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June 20, 2023

A "sweetheart deal"?: Minor (mostly uninformed) musings about Hunter Biden's prosecution and plea deal

I woke up this morning to the surprising news of a prosecution and plea deal for Hunter Biden (basics here), and then I spent most of the rest of the day in the car.  Thus, I have had precious little time to carefully review and reflect on all the particulars (and subsequent commentary) regarding how the US Attorney in Delaware decided to approach the prosecution and plea of the son of the sitting President.  But, despite being under-informed on all the facts and on typical DOJ practices, I still cannot resist sharing a few musings on this high-profile plea:

1.  "Iceberg" timingThat Hunter was subject only now to what might be called "modest" charges after years of investigation leads me to wonder what has been going on beneath the surface with this criminal investigation (and internal DOJ debates over exactly what charges should be brought and how they might be settled).  Hunter and his lawyers were obviously made aware — recently? long ago? — about potential charges and negotiated this deal, and I wonder what kind of negotiating timeline and process was involved to result in a plea that nearly ensures that Hunter can entirely avoid any felony convictions.

2.  Avoiding felony convictions:  I am inclined to describe Hunter's deal as a sweetheart not so much because he seems likely to avoid prison time, but because he is likely to avoid any felony convictions.  US Sentencing Commission data show a good percentage of tax fraud offenders get non-prison sentences and most firearm offenders have significant criminal history that leads to prison time.  Even if Hunter had pleaded guilty to felony tax and gun charges, his lawyers would have been able to make effective sentencing arguments that he should just get probation for these offenses.  But, of course, the actual plea deal involves Hunter pleading guilty only to misdemeanor tax charges and to enter a "Pretrial Diversion Agreement with respect to the firearm [charge]" so that he will likely avoid any felony convictions.  I surmise that both of these "plea moves" are pretty rare — tax fraud defendants rarely get to plead only to misdemeanor charges and illegal gun possession defendants rarely get a diversion agreement.

3.  Echoes of Bruen:  The Supreme Court's landmark Second Amendment ruling in Bruen gave Hunter and his lawyers an interesting new argument to contest the gun charges.  At least two district courts (as noted here and here) have decided § 922(g)(3) is unconstitutional, and I suspect the US Attorney in Delaware (and others inside DOJ) did not want to shine a bright light on this issue through a contested prosecution of the president's son.  This factor certainly could justify — and may well have motivated — the "Pretrial Diversion Agreement" approach to the gun charge against Hunter.  (That said, Hunter also could have been subject to prosecution for lying on the form needed to buy a gun, and that charge would seem less likely to be subject to Second Amendment challenge.)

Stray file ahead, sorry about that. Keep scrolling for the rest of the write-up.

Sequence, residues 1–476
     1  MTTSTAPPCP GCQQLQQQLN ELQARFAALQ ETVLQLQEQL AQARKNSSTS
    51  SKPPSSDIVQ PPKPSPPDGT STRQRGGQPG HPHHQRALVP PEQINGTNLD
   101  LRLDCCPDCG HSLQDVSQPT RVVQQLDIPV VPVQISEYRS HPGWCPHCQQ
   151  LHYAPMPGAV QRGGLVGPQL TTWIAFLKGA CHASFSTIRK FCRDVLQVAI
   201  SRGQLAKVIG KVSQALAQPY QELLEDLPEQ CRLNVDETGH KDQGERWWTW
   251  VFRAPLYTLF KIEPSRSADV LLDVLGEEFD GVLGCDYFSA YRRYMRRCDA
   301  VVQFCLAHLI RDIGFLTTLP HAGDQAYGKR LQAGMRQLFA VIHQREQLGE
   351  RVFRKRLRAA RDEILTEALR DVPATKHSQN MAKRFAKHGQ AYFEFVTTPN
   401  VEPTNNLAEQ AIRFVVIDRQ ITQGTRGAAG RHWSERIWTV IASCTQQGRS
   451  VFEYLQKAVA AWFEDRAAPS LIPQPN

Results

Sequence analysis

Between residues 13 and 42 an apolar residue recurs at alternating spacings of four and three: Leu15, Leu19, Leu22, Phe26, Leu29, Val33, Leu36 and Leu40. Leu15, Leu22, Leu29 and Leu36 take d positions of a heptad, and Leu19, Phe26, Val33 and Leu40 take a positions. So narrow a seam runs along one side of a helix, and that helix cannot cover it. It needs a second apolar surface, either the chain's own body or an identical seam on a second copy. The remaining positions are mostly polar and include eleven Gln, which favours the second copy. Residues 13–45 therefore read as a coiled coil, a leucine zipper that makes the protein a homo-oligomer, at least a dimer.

4.  "Sweetheart deals" for everyone?:  Other than persons who relish the idea of a Biden behind bars, I suspect most folks thinking about all the 3553(a) sentencing factors would have a hard time making a strong case that Hunter needs to be sent to federal prison for a long time.  (Please know that I would make the same 3553(a) assertion about Donald J. Trump.)  In other words, but for all the political acrimony, I sincerely believe relatively few could make a very potent argument that Hunter really needs to be incarcerated for an extended period.  In turn, to the extent arguments are being made that Hunter is benefitting from a "sweetheart deal," I would say that the problem is not that Hunter is getting a huge leniency break, but rather that similarly situated persons are too often subject to unduly severe treatment by our harsh federal criminal justice system.